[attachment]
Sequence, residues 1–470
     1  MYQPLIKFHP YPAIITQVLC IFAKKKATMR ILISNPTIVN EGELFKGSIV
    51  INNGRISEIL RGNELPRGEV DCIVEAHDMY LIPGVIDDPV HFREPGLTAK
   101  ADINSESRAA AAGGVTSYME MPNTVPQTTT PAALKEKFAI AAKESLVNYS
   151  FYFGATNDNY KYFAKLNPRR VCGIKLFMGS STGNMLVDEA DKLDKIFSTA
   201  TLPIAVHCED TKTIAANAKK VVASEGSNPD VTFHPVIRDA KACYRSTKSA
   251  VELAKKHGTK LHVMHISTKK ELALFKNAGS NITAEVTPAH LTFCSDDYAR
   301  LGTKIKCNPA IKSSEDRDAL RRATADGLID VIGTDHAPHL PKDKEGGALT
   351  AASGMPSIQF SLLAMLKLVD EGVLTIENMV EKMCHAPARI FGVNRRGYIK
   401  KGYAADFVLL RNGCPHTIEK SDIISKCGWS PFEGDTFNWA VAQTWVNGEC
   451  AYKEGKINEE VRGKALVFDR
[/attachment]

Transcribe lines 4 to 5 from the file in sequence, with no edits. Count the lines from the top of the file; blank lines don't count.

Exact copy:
   101  ADINSESRAA AAGGVTSYME MPNTVPQTTT PAALKEKFAI AAKESLVNYS
   151  FYFGATNDNY KYFAKLNPRR VCGIKLFMGS STGNMLVDEA DKLDKIFSTA